What Is the Purpose of an Oral Presentation?

by Ginny Putscher ; Updated September 26, 2017
Businessman giving presentation, rear view

The main purpose of an oral presentation is to present subject content in an organized, concise and effective manner to a live audience. When delivering an oral presentation, certain challenges require ingenious techniques to engage into an impromptu interaction with the audience members. Planning, writing and completing are three key elements in any oral presentation process.

Presentation Planning

businessman using a laptop in an office

Planning a presentation is similar to planning a business communiqué. It requires careful analysis and research. The content and style of an oral presentation control the intent. Straightforward statements of information are best. The typical reasons for giving a presentation are to inform, persuade, motivate and entertain. You need to capture your audience's attention and maintain their interest thorough the entire oral presentation by defining the purpose clearly.

Writing a Presentation

Business meeting

When beginning to organize your oral presentation, here are five fundamentals to put into action.

1) Focus on your audience as you define the main concept. What is the one piece of information you want your audience to remember about your presentation? 2) Tailor the scope. Present the material in the time allotted. 3) Select your approach. Use simplicity in delivering your presentation. 4) Prepare an outline. The outline is a prepared script, helping you to keep the presentation audience-centered and within the allotted time. 5) Determine the most effective style of your presentation. For instance, choose a casual style when speaking to a small group, and encourage discussion. When speaking to a large audience, establish a more formal atmosphere.

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Oral Presentation Opportunities and Attention Getters

Businessman delivering presentation to executives in boardroom

Making an oral presentation before a group offers many opportunities. Once you have communicated your information, instant audience feedback presents itself. A chance to adjust the content and delivery of your message based on the audience's feedback and non-verbal reinforcement are cues to express and emphasize what is important. When making an oral presentation, attention-getter opportunities, which gain and maintain attention, are possible. Using humor that is not offensive to your audience and is relevant to your subject matter is appropriate. Tell an interesting story that relates to your presentation, illustrating an important point. If you are presenting a new candy mint, offer everyone a taste and appeal to your audience through their senses. Ask your audience questions; this activity will involve your audience and will give you information about them and their needs. Wake your audience up by stating a startling statistic.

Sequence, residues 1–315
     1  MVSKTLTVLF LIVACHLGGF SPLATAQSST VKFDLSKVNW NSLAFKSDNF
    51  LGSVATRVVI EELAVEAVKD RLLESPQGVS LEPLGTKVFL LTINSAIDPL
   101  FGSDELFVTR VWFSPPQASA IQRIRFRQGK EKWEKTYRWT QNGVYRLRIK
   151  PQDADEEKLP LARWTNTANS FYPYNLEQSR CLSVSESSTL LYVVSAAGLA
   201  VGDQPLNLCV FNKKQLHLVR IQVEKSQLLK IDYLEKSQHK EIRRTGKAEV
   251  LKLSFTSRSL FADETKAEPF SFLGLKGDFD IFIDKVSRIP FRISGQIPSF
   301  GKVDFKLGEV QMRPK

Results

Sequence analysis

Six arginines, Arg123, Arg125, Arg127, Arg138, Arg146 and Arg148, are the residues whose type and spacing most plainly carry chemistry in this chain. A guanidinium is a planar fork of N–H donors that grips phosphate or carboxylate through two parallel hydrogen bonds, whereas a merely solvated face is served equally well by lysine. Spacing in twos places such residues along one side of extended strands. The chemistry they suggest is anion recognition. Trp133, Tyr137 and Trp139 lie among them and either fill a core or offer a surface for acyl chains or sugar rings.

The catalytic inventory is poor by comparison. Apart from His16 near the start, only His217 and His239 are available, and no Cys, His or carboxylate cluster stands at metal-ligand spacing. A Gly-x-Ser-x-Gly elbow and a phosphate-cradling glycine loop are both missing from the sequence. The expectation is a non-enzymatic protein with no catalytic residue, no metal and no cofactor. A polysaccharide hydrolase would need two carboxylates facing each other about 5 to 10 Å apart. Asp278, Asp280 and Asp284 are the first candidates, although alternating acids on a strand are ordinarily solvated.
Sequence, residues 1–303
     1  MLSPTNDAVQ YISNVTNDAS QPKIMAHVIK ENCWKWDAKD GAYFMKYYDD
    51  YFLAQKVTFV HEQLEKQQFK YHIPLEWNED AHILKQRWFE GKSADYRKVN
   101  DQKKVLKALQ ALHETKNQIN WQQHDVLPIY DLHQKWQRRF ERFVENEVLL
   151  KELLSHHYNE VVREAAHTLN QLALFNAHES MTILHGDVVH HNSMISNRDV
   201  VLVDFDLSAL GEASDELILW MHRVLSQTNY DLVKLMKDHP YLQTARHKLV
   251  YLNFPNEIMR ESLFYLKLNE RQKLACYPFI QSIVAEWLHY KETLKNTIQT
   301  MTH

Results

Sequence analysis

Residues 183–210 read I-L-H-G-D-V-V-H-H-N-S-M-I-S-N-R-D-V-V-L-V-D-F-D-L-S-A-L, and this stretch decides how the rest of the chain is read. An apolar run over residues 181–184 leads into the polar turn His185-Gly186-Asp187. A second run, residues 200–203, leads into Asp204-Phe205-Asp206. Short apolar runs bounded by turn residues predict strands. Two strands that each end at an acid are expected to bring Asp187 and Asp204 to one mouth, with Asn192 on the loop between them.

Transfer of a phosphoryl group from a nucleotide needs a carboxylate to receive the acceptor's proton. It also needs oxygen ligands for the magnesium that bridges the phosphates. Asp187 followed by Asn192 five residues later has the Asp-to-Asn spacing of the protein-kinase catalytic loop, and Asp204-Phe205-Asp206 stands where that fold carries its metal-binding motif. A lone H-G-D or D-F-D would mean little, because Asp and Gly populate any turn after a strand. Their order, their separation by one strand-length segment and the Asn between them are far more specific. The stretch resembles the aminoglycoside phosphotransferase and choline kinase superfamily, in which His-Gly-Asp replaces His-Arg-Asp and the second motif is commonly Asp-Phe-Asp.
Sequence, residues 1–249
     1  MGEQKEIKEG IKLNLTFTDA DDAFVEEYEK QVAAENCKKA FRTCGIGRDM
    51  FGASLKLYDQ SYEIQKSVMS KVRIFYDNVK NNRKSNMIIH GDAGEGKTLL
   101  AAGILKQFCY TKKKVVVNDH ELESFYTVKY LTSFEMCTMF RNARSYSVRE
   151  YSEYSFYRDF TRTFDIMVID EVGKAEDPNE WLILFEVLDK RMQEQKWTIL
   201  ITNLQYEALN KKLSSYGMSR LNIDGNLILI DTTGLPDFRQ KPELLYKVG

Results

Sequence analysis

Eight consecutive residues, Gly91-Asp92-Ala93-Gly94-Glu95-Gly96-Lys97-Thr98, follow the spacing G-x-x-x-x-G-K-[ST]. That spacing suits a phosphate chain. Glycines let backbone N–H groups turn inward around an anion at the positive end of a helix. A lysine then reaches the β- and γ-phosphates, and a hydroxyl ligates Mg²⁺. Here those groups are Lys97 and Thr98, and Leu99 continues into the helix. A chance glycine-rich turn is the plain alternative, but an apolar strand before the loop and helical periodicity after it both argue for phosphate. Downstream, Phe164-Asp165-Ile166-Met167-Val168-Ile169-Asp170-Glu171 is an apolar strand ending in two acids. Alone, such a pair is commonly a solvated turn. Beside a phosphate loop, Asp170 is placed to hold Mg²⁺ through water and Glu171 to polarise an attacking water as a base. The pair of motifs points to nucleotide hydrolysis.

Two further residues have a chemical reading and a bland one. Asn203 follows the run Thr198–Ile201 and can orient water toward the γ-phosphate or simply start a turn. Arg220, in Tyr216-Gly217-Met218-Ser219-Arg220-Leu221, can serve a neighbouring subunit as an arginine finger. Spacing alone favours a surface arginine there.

Oral Presentation Challenges

Businesswoman presenting by projection screen, low angle view

When giving oral presentations, certain challenges are inevitable. As you compose your presentation, strategize on how you will confront these challenges. For instance, maintain control; the more interaction with your audience, the less control you will have. Help the audience understand what you want them to learn from your presentation. Shift topics smoothly; a comment from the audience may force you to shift topics, so when composing your presentation, try to anticipate and prepare for a possible move of this sort.

Completing a Presentation

Business Executives Listening to a CEO Give a Presentation in a Conference Room

When completing your oral presentation, evaluate your message, and edit your remarks for conciseness and effectiveness. Consider using visual aids, which can improve the impact of your oral presentation. The visual aids can illustrate points that are hard to explain and give the audience the ability to understand and remember important information. Visual aids can also help the speaker remember details about the material he is presenting. Lastly, the art of delivery is crucial; prepare through practice.


  • Communications for Business and the Professions, Courtland Bovee and John Thill, 2006

About the Author

Ginny Putscher, a 25-year information technology veteran, has worked with both private industry and federal government. Putscher’s experiences included traveling and working in many foreign countries, such as Egypt, El Salvador, Kenya, Tanzania and Senegal. She received her B.A. in database development from Strayer University. Her first online writing experience was with eHow then with Examiner.com.

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